Calc: How do I specify a "User-defined" input format for dates?

Windows 8.1. LibreOffice en_GB, Calc.

I like dates to be displayed in the format YYYY/MM/DD so I have set up a Format>Cells>Numbers>Category>Date>Format code User-defined to do so. However, for ease, I would like to be able to enter dates by simply typing the eight digit string YYYYMMDD, but if I do the date gets converted to something in the year -8440.

After looking at other questions I tried Tools>Options>Language Settings>Languages>Date acceptance patterns, but this does not appear to work. As soon as I try to amend or append a pattern the text turns red, no other warning or error message, I click OK and whatever changes I may have made are discarded & ignored (If I`m not allowed to change the acceptance patterns, to specify a User-defined pattern in a similar manner to the User-defined Format code, then why is this field input-capable?). (This has taught me that dates that I have already entered by typing in the form YYYY/MM/DD have not been recognised as dates at all but are simply regarded as text strings).

I would like to be able to simply type in 20160107, have this interpreted and understood to mean 7th January 2016, and displayed as 2016/01/07 (I have vague recollections of being able to do something like this on some other system a couple of decades ago!). Is there any way to achieve this?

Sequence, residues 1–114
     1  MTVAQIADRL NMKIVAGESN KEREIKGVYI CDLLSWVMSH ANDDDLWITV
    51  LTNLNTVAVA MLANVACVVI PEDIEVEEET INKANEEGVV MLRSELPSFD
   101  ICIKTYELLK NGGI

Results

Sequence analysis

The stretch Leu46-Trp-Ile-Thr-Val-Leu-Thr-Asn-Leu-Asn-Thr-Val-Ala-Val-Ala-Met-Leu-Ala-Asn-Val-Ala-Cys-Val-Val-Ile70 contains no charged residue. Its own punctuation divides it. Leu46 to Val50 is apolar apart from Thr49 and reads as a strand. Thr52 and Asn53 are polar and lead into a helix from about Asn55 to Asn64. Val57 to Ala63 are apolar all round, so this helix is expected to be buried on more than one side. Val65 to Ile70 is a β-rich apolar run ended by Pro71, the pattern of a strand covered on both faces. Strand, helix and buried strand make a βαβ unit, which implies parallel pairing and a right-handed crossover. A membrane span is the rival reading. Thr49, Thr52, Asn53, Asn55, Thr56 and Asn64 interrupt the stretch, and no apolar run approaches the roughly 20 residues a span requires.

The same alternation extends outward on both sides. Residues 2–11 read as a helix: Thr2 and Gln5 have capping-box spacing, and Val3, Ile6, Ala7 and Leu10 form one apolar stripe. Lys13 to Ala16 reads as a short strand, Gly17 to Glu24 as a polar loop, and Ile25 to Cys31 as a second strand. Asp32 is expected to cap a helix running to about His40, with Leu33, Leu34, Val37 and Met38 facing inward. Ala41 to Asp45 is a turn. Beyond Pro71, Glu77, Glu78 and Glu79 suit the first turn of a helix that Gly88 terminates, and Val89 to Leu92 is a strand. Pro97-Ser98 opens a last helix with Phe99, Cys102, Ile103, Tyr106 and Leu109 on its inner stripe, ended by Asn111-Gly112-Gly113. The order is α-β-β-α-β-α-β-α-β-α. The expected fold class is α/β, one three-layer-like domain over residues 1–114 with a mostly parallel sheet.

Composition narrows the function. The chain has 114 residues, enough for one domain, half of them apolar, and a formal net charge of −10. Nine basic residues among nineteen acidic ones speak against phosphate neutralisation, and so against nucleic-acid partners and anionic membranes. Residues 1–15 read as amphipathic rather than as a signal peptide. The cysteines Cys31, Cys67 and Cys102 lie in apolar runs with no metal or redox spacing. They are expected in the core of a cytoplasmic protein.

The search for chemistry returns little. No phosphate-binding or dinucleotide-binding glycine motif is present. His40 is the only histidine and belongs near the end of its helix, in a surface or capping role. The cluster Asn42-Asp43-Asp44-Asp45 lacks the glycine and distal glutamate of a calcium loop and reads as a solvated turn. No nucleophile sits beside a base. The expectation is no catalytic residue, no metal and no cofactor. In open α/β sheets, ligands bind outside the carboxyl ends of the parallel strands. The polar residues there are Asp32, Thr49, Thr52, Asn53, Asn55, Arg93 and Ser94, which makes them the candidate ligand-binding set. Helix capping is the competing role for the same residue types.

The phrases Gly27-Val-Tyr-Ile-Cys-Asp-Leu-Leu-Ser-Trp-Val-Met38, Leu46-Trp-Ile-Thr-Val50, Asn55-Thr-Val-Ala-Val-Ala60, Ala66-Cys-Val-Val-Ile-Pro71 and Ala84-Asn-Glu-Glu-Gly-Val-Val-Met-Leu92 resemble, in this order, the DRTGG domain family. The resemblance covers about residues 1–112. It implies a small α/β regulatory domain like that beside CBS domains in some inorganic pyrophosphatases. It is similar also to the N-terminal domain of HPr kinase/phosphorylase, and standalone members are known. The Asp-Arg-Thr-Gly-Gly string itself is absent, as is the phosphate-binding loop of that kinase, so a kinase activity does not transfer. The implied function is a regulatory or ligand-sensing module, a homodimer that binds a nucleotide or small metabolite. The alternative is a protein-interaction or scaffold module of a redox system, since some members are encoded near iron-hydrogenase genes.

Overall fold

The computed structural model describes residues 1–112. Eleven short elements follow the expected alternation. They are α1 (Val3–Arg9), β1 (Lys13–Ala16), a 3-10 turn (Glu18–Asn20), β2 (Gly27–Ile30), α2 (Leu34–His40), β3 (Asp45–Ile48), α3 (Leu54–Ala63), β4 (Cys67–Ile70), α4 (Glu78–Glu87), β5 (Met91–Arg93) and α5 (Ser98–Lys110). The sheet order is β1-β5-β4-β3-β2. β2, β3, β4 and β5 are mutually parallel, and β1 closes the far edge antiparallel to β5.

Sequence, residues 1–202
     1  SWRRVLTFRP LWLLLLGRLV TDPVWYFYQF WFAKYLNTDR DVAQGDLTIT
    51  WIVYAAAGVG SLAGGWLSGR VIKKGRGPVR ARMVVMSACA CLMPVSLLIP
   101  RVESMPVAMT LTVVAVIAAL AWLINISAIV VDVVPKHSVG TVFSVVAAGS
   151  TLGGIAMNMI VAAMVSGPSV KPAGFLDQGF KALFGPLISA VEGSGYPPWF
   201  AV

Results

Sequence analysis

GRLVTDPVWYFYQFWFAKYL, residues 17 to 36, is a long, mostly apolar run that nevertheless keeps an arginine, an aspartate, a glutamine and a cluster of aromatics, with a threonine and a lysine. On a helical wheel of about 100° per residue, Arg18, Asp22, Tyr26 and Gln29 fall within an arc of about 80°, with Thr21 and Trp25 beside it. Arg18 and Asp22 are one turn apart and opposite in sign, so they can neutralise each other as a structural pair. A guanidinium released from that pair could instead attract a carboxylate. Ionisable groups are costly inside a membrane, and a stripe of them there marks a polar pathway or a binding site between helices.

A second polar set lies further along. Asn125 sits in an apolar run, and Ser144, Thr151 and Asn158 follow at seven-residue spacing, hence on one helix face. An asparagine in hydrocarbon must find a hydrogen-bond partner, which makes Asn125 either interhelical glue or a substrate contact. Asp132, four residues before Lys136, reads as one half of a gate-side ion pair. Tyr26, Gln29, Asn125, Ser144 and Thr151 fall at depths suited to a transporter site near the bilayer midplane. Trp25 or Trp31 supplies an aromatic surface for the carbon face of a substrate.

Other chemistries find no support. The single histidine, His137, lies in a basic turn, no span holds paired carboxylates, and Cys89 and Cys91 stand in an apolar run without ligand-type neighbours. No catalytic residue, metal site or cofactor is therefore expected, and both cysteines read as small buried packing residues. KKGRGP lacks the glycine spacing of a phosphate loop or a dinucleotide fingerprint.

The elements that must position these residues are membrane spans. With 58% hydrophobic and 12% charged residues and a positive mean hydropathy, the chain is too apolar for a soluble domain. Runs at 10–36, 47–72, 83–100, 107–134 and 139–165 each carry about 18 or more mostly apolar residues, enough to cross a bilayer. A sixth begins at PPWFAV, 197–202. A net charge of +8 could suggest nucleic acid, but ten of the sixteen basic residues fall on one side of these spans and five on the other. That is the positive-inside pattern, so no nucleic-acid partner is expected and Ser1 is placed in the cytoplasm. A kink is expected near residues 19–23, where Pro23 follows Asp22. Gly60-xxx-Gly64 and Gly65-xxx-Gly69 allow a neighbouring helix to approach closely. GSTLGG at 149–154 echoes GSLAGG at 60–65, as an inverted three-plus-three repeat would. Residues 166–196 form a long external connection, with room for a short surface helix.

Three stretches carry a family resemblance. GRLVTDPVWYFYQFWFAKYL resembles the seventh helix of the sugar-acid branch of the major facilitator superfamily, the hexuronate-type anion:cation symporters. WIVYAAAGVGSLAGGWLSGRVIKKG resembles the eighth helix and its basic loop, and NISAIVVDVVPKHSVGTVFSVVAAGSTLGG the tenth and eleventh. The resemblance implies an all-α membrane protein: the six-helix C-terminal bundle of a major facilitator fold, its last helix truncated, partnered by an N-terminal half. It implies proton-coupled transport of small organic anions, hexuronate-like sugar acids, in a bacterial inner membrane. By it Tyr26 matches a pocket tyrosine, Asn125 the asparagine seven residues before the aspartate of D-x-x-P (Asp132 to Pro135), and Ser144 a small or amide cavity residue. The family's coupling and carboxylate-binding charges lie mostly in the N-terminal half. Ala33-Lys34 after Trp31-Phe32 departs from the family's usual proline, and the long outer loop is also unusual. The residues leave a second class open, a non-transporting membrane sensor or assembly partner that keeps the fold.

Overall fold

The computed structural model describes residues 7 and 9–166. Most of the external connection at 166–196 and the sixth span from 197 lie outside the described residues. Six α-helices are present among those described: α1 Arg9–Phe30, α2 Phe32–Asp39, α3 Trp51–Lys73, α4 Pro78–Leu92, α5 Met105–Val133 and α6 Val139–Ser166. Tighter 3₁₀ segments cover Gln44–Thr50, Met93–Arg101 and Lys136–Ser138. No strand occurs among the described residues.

I think the problem is that you are not entering a separator between the year month day. Any long number could therefore be interpreted as a date. That is why the pattern turns red as it is not acceptable. Since version 3.5 you can use YYYY-MM-DD and this is built in. You must use - and not / as the separator.

You can add to the pattern Y/M/D and you can then use the / also as a separator when entering the date.

Thanks for the response Peter. Unfortunately the whole point is that I am seeking the ease of not having to type in separators. I guess the problem arises from the fact that it does not seem to be possible to explicitly specify a Data Type for cells (compared with, say, a table column in Base) so Calc is trying to figure it out for itself. I was hoping that specifying Format>Cells>Numbers>Category>Date would give it a hint. (i.e. This is a Date Field so the digit string is not a number).

P.S. Just checked, Data Type in Base doesn’t help. So I guess the problem is that, whereas Formatting can be specified to cell level, Acceptance Patterns are global and so also have to handle input to cells that are not formatted as dates. Maybe it would be a good idea if Acceptance Patterns could be specified in/together/with Formatting (at cell level) so Patterns without separators wouldn’t be a problem. I suppose that would be a Feature Request.

I would like to be able to simply type in 20160107, have this interpreted and understood to mean 7th January 2016, and displayed as 2016/01/07 …

As @peterwt already stated this is conflicting with general number recognition. If you switch off this feature for your input cells you will, however, not be able to get a date there to calculate with and to format it as wanted.